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Call for Paper - Global Journal of English Language and Literature

Sunday, July 13, 2014 - 3:47pm
Global Journal of English Language and Literature

Papers are invited for the Volume 2, Issue 3 of the Global Journal of English Language and Literature (ISSN 2320-4397) to be published in August 2014. The forthcoming issue will be an Open Issue. The journal features densely theoretical and analytical writings that focus on various aspects of English Studies which address/approach the research problems with methods of and insights borrowed from multiple established disciplines. Accepted papers will be published after peer-review process. This is an online electronic journal and there will be no hard copy of the issues. There are no publication fees or handling charges. The last date for submission is 10th August, 2014.

NeMLA 2015: Imposture and Self-Making in American Literature, 1850-1950

Sunday, July 13, 2014 - 12:55pm
Lara Hubel and Min Young Kim / SUNY at Buffalo

U.S. literature and culture, at least since Franklin, have been perpetually preoccupied with mythologies of both the self-made man and confidence-man. What accounts for this preoccupation, and where do the two identifications of these 'men' intersect or blur? Further, why are they 'men,' and how do women and people of color fit into these categories? This panel seeks papers that investigate these connections, depicted both in literature and periodical publications of the late nineteenth and early twentieth centuries, with a goal to solicit new inquiry into discussions of U.S. imposture and self-making, including but not limited to discussions of self-making within passing, gender imposture, and criminal imposture in American culture.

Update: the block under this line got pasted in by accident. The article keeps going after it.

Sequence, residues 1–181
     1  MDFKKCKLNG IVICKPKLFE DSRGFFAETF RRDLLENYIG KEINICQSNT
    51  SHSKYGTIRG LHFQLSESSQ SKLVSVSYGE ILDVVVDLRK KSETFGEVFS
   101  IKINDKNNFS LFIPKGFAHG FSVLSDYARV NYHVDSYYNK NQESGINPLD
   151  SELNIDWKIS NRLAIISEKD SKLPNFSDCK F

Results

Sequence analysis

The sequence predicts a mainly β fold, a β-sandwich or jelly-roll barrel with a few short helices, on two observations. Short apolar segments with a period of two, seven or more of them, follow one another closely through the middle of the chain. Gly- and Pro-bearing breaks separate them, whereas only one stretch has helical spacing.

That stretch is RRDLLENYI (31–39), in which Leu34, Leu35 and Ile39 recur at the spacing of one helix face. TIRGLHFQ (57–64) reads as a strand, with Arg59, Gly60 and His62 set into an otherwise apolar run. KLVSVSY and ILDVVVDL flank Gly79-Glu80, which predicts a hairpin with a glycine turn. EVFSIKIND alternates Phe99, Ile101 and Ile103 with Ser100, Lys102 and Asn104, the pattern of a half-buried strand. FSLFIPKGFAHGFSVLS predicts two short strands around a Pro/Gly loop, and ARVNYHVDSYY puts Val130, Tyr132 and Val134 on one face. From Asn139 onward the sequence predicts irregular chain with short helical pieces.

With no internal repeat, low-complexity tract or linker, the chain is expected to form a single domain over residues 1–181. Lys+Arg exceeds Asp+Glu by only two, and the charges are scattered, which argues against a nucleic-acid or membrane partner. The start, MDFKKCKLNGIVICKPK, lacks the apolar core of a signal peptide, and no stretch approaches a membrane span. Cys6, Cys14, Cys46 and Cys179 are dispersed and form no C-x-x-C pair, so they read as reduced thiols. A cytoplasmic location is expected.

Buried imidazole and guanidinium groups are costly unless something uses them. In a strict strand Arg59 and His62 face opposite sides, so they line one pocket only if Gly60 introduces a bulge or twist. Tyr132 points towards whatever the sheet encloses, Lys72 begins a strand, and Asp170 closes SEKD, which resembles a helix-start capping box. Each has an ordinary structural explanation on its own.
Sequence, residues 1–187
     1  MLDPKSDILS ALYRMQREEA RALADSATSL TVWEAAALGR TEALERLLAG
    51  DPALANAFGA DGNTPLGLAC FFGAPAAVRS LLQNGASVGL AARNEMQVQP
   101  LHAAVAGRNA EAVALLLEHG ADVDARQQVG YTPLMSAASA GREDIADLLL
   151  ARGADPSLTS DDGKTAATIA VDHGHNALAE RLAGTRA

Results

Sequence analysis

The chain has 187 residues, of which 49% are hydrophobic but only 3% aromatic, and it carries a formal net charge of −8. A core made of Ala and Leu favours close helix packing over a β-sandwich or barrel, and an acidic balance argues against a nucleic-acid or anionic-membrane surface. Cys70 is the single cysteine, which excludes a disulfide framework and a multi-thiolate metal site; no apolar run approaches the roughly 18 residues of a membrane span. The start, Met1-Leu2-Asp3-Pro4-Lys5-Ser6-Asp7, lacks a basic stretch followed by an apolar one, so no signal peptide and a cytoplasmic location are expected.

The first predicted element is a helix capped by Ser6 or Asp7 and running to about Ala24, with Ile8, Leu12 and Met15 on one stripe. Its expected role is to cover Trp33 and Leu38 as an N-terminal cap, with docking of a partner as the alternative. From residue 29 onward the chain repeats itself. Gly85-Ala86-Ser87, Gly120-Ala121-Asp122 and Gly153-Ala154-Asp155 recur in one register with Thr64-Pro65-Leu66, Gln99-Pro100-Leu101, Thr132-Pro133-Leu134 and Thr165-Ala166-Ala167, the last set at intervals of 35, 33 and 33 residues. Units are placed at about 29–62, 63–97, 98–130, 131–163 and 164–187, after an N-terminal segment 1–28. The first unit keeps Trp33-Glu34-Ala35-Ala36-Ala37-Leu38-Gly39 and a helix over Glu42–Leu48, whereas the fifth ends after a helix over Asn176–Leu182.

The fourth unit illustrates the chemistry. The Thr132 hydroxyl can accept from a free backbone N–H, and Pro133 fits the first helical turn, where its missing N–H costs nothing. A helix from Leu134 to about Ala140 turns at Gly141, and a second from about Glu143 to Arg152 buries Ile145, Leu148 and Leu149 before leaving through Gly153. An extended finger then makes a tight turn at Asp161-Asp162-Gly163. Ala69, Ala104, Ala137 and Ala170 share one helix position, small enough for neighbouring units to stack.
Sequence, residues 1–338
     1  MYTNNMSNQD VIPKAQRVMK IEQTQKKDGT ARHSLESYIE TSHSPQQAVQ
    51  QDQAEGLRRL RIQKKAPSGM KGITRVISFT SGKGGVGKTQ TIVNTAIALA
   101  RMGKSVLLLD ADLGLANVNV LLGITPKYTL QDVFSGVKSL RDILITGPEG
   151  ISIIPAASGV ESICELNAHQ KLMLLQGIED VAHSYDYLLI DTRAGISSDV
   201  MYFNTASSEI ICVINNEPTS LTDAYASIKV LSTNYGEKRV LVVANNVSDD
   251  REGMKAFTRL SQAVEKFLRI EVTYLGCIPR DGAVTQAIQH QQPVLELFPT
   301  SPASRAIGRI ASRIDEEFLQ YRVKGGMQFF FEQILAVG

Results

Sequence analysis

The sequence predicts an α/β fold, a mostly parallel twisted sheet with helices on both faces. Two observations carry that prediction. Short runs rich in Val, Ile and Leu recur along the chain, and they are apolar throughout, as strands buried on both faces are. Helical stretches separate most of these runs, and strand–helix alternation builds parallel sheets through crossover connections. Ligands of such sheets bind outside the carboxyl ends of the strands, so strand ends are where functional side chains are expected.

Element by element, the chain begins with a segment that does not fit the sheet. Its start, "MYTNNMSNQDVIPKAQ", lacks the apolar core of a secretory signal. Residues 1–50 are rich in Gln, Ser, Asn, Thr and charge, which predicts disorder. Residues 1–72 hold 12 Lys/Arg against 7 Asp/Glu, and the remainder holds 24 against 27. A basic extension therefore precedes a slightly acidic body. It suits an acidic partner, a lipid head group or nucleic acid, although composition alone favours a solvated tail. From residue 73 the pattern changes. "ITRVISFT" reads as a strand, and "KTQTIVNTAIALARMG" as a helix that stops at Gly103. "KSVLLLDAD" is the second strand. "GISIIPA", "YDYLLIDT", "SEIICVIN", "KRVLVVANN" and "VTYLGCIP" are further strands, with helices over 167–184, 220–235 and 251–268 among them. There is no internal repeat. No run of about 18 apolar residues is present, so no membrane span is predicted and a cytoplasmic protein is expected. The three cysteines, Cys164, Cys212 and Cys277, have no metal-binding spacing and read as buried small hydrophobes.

The Coming of Age of LGBTQ Studies: Past, Present, and Future Directions (San Diego State University, April 17-18, 2015)

Sunday, July 13, 2014 - 12:45pm
SDSU LGBTQ Research Consortium

As LGBTQ Studies finds disciplinary space on a growing number of university and college campuses, questions about the cultural and intellectual effects of academic institutionalization have become progressively more urgent:

• Where is the broad field of LGBTQ Studies heading?
• Where has it been? How might we negotiate the relationship between intellectual inquiry and social movements?
• In what ways might the epistemological concerns of LGBTQ Studies affect the pedagogical imperatives of the classroom (and vice-versa)?

"The Coming of Age of LGBTQ Studies" is a two-day conference devoted to exploring these and related questions.

The Great War and English Studies December 20-21, 2014

Sunday, July 13, 2014 - 1:48am
Department of English, University of Dhaka, Bangladesh

The First World War was a truly momentous event. The rest of the 20th century would be shaped by this war and its consequence, the Second World War. The years 1914-1918 impacted decisively not only on the politics of anti-colonial resistance but also on the arts; in fact, the nascent movement of modernism gained considerable impetus because of the war. The First World War produced an unprecedented magnitude of devastation that left in its trial a frenetic search for new registers necessities by the collapse of great truths. The Age of Empire had given way to a penchant for automation, experimentation, and new schemas of drift and defamiliarization.